Monday, December 18, 2017

Data Modelling vs Dimensional Modelling

Data have become a real resource of interest across most industries in every field which is exactly considered the gateway to competitive advantage and disruptive strategy. Now a day, most of the enterprises are focusing on methods enabling simpler use of data to drive their business and advancement in data related technologies because data is high-volume and high-velocity and/or high-variety information assets that demand cost-effective, innovative forms of information processing that enable enhanced insight, decision-making, and process automation. 
If we are talking about the data models then it has been treated in two different terminologies such as data modeling and dimension modeling which are differ from each other because Steve Hoberman is stated in his book called Data Modeling Made Simple the distinction between the two types of models is this: 
  • Relational Data Models captures the business solution for how part of the business works, a.k.a business process
  • Dimensional Data Models capture the details the business needs to answer questions about how well it is doing

It can be claimed that a relational model can also be used as a foundation upon which to answer business questions, but at a strategic level. "How many orders are in an unfulfilled status for the customer XXX due to credit hold?" But the distinction is that of where the reporting question needs the 'native grain' of the table and when the reporting question can be answered with summarized data.
To better understanding, we can take an example of Historical Sale Data having product, state and sales cash value as a relational point-of-view-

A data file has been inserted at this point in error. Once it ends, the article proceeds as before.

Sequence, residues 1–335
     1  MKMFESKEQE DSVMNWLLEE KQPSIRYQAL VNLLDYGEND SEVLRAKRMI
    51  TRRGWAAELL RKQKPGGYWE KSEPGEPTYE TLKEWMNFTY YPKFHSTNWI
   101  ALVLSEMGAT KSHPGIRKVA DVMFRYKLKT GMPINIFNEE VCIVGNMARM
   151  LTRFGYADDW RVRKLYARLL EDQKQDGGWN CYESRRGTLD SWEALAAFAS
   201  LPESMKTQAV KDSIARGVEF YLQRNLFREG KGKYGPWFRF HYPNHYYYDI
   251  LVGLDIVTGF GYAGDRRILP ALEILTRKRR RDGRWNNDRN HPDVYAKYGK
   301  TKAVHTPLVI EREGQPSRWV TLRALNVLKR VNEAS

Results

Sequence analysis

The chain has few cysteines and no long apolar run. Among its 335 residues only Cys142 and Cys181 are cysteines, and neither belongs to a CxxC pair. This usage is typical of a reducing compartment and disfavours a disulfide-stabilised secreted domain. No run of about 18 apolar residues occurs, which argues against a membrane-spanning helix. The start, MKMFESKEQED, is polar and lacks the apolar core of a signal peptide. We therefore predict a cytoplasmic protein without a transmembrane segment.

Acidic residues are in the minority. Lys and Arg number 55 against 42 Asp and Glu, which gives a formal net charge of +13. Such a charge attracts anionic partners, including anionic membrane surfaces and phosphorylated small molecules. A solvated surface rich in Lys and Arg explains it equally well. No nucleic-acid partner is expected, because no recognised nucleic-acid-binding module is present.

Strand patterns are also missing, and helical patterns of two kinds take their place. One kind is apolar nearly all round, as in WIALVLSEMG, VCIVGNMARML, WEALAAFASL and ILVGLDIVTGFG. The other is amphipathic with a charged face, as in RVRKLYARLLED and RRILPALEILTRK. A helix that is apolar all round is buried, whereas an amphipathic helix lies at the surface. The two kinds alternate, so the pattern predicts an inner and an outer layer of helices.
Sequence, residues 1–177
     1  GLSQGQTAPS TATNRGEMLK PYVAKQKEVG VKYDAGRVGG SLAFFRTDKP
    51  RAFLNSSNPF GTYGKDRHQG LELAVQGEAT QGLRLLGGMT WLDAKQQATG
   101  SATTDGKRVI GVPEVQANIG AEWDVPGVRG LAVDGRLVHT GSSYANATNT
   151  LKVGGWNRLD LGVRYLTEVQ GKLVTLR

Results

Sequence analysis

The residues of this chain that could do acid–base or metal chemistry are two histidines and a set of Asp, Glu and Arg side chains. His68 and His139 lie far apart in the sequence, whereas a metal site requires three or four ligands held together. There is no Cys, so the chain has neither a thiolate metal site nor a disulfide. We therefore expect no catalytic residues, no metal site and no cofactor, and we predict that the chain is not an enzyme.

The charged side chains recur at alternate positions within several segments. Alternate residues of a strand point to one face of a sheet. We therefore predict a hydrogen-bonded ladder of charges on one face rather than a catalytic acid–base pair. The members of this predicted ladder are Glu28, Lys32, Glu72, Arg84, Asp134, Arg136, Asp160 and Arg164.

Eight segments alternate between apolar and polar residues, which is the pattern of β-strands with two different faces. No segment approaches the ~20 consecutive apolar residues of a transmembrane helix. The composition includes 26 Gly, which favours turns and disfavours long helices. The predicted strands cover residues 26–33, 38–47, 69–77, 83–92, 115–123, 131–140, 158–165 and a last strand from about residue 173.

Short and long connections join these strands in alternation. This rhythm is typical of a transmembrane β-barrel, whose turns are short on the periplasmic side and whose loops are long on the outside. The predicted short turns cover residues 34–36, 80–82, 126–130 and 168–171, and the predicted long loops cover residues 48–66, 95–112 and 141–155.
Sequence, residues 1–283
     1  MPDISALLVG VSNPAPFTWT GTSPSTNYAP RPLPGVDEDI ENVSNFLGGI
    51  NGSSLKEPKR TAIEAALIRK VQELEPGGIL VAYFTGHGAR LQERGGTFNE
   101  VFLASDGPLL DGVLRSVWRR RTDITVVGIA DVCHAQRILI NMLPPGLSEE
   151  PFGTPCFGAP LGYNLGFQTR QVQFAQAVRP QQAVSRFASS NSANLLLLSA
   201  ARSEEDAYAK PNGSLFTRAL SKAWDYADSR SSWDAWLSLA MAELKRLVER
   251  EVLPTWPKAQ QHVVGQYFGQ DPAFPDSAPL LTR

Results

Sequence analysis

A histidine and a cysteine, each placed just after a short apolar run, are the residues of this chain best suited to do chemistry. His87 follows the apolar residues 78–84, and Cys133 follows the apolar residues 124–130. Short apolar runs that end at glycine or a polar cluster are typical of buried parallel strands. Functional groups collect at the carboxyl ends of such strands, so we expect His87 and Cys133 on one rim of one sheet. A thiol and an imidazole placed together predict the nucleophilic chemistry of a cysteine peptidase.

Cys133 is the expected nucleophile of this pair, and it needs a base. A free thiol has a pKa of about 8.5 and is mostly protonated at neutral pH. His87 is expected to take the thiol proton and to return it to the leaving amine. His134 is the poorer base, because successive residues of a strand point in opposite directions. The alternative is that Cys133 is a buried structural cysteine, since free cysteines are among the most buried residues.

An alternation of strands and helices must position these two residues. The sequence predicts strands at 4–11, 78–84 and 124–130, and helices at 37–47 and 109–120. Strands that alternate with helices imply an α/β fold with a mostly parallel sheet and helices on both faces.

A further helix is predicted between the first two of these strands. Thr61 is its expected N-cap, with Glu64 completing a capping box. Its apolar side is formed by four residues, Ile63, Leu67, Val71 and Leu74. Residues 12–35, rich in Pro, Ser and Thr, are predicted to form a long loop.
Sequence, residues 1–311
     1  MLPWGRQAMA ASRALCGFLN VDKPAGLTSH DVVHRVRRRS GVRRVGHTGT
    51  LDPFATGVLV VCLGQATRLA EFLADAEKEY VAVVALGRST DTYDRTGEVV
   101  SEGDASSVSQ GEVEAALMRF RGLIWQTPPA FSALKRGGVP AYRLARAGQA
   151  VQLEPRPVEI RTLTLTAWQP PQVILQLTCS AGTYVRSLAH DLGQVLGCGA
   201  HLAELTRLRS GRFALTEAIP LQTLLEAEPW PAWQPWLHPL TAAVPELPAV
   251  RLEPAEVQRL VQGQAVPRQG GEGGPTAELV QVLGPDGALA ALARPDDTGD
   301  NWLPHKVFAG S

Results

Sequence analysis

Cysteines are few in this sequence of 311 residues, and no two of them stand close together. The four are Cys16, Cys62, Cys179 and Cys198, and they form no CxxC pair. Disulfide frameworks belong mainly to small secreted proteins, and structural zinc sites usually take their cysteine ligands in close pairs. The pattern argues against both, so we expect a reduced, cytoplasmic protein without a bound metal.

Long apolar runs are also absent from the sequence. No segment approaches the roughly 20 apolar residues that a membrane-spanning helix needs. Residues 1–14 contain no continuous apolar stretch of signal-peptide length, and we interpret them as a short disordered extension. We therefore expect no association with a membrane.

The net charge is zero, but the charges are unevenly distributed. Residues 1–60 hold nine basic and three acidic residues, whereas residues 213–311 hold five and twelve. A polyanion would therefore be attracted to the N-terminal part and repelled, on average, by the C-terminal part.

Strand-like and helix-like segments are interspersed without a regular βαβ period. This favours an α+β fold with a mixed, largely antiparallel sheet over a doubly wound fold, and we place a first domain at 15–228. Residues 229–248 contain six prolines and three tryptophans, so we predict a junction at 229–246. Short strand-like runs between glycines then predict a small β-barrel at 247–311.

Product
State
Sales Cash
Beer
Delhi
5000
Beer
Punjab
4500
Beer
Haryana
6000
Wine
Delhi
6500
Wine
Punjab
7500
Wine
Haryana
5000
Vodka
Delhi
4500
Vodka
Punjab
2500
Vodka
Haryana
2000
If we modified the above data as dimensional point-of-view:
Product
Delhi
Punjab
Haryana
Beer
5000
4500
6000
Wine
6500
7500
5000
Vodka
4500
2500
2000
But it seems like both points of view would nonetheless be implemented in an identical star schema and a star schema really lies at the intersection of the relational model of data and the dimensional model of data. It's really a way of starting with a dimensional model, and mapping it into SQL tables that somewhat resembles the SQL tables you get if you start from a relational model.
Product Dim



State Dim
Product Id

Sales Fact

State Id
Product Name

Product Id

State Name


State Id




Sales Cash








The standard approach to relational data modelling is not fit for purpose for Business Intelligence workloads. This is because a relational data modelling is a combination of multiple tables and multiple joins but in dimension modelling, we force to use de-normalize multiple related tables into one table to analyze the data in a very sophisticated manner.

1 comment:

  1. The 80/20 rule in business states that 80% of your results should come from 20% of your efforts. You should spend more time in the 20% category if you want to see the most effective results for your business. sales process

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